I remember feeling really grateful, like she had helped me be a part of something important.

Man. I really am a geek.

Sunday, October 19, 2003

I'm going to be speaking tonight at the church's Young Adult Fireside at 7pm at the Northpark building. Anybody who wants to can come, if you're going to be in the neighborhood.

Obscure Movie Review of the Day: Captain America

Not the 1970's motorcycle-riding Captain America, this one was cranked out of 21st Century Films shortly after the first Batman movie made a bazillion dollars.

Bad doesn't even begin to describe it. The movie is two-thirds over before we see the the star-spangled one display the least degree of competence, and absolutely every single plot point depends on someone being absolutely bone-headed about something.

And my having sat through it clear to the end doesn't make me much less bone-headed.

Besides the laughable boomerang shield effects, the dialogue has got to be the worst part of the movie--my favorite line, said by Cap, to himself, as he wanders through the forests of Canada: "I have no idea where I am, but home's got to be south of here."

I think everybody involved in this was just as lost.

Friday, October 17, 2003

My brother's getting married tommorow at the new Temple that the church has built in Redlands. Another brother and I were both maried in Los Angeles, and just a couple months ago, another brother was married in San Diego.

Yeah, I know what you're thinking. How many brothers does that make?

Don't even get me started. My wife had as many brothers as there are people in my whole family.

So how did I end up with nothing but girls?

Caterpillar Attacks Mouse: You've probably seen this lawsuit. However, according to the precedents set in the Cuisinart vs. Gremlins decision back in the mid-eighties, you can use pretty much anything you want as a weapon in the movies and nobody's going to be dumb enough to think it's the weapon that's evil.

Unless, of course, it's a gun.

Thursday, October 16, 2003

In honor of Tim's 27th birthday (since I think he's one of only two people who read this page) I wanted to post a link to the 27 list. And in trying to find it (no, I'm not a big enough dork to have it bookmarked), I discovered this. Couldn't they just use the money they're paying for web hosting?

Wednesday, October 15, 2003

I'm also anxiously awaiting the results of this year's Phobos writing contest. They're supposed to come out today, and I've got a decent piece in it. There's a barely audible drumroll happening in my head today . . . .

Here's a long interview Penn did with IGN film force. The interview is cool, but so's the site, if you dig the movie rumor stuff. If you don't dig Penn, or movie rumors, the go googlism yourself.

Tuesday, October 14, 2003

Oh, and be sure to check out Penn Jillette's article on misdirection for the Atlanta Journal-Constitution.

Well, now I won't see it. Will Ferrill has been attached to the big screen version of Bewitched. I think the reason this guy seems to pop up in every comedy movie to come out of Hollywood is because he's very, very aware of how abysmally unfunny he is, and is afraid casting directors might realize it before he stockpiles enough cash to survive the Hollywood Squares years. He's even going to spoil my five-year-old self's favorite book by playing The Man in the Yellow Hat.

I hope he dies soon enough that I get the chance to dance on his grave.

Wednesday, October 08, 2003

I must point out the following exhange I had with Papa Moose, though, the OSC fan who won the trivia contest at Endercon, and consequently became a character in Card's new book:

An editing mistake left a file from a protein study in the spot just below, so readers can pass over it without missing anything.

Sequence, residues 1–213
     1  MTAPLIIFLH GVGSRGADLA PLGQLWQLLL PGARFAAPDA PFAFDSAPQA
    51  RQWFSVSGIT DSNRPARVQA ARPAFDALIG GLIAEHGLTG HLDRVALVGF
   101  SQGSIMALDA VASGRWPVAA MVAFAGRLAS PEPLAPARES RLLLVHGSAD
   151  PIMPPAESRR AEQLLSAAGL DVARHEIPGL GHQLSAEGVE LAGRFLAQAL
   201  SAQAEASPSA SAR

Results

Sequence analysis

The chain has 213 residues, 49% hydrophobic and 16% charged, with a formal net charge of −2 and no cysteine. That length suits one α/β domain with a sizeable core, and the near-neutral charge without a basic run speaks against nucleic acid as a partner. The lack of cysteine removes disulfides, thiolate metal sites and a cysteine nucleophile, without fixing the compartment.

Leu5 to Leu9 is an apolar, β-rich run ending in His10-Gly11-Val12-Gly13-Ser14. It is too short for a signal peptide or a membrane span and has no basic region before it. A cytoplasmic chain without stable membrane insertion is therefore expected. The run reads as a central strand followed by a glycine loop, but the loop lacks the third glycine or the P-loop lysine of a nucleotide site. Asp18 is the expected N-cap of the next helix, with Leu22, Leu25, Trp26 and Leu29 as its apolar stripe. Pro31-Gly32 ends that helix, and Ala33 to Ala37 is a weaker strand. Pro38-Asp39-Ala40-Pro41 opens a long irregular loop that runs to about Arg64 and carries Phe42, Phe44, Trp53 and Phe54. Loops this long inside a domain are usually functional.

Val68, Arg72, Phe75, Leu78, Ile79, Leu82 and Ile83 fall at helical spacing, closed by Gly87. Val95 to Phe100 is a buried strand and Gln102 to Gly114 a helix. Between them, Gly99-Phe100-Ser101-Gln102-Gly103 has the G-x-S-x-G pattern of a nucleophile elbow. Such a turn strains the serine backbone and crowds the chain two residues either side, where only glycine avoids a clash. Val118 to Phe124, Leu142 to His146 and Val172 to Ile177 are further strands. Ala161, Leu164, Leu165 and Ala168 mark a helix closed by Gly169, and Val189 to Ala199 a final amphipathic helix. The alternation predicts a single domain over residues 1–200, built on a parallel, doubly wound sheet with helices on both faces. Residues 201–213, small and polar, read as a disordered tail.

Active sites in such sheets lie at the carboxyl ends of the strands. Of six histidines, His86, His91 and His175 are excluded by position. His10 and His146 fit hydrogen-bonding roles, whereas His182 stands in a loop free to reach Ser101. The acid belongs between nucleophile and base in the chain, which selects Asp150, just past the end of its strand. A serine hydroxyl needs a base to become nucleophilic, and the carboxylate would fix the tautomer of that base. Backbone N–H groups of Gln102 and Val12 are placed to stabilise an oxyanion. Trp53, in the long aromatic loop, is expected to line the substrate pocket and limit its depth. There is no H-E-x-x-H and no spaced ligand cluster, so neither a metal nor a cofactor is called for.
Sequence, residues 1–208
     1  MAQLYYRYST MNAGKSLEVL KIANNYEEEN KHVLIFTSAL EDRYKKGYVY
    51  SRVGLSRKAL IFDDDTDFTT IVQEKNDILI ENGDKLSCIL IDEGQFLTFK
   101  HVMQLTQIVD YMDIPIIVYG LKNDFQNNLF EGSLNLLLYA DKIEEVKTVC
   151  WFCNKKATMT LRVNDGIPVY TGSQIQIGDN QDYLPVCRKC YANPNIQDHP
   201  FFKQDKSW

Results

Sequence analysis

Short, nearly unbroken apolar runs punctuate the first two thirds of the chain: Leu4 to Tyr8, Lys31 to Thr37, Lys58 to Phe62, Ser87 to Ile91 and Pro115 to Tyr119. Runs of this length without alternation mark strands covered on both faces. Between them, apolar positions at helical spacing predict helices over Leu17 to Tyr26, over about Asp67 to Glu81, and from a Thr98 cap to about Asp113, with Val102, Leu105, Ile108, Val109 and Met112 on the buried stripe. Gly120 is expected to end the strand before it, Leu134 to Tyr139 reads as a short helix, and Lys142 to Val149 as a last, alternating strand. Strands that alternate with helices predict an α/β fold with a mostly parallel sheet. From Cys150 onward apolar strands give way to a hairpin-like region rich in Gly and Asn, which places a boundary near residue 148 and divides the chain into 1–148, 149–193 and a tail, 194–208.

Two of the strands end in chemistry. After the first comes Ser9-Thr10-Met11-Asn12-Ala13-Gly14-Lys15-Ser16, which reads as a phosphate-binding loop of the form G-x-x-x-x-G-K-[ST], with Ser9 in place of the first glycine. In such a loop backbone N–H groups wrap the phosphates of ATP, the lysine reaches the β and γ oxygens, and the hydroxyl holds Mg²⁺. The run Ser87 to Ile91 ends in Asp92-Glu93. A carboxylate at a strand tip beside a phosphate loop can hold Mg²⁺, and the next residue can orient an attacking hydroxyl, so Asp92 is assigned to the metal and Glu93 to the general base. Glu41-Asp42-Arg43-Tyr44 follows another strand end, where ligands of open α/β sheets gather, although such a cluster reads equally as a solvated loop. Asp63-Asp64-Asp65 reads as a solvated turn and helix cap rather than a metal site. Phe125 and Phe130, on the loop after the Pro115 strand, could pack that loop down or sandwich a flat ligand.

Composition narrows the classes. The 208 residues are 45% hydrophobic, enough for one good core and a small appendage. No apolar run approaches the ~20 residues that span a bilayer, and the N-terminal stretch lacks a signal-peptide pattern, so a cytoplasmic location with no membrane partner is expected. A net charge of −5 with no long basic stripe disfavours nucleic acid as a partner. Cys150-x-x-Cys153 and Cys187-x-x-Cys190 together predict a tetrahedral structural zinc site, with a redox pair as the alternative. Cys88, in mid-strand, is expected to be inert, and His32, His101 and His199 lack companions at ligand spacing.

It was pretty fun. I had a good time, and I didn't even vote for an actor or journalist or porn star. Or slime ball.

Papa Moose:

Skipped that question, huh?

I had some points in this thread over at that I didn't want to try to recreate here, because a lot of them need to be read in context, but I still thought were worth a gander.

Don't worry, I won't point you to everything I write at Hatrack. But these are pretty much my feelings on these issues.

Tuesday, October 07, 2003

Come on and watch 'em run . . . .

It's amazing how many votes a margin-of-error candidate can get.

On my ballot, the little line I drew for Tom McClintock was exactly opposite the little line I drew on the other side of the paper to vote yes on the recall. If my marker would have bled, I still would have been okay.

. . . ballots really aren't that hard to use . . .

I have the coolest friends: Everyone I've talked to so far today voted for Tom McClintock. You all just rock.

Thursday, October 02, 2003

I guess I have to say something about the Rush situation.

The most damaging thing, in my mind, is the image of him standing in Denny's parking lots at night like a hoodlum. Despite the constant accusations of conservative hypocracy by the liberals (that we'll pick on Clinton when he's naughty, but stand up for our own people) the fact is that scandal does destroy conservative politicians, and it can effect conservative commentators as well.

The comments about McNabb were less pithy than everybody wants to make them. I remember pretty much the opposite being said about Larry Bird on more than one occasion and no resignations were tendered and no heads were served up on platters, and, likely as not, the comments about Bird were probably true. The McNabb comments probably are, too.

It was probably wise of Rush to give up the job, though. Can you imagine the uproar if he actually had said anything with teeth?

In case you weren't aware, David Blaine has been hanging out in a box in England. It's created quite the media frenzy, as he's had an assasination scare, a nut try to cut his water tube, and mocking him declared to be the mark of a true Brit.

I guess the Brits need something to keep them entertained, since they can't hold royal recall elections.

Although I would like to vote for Rowan Atkinson for prime minister.

Wednesday, October 01, 2003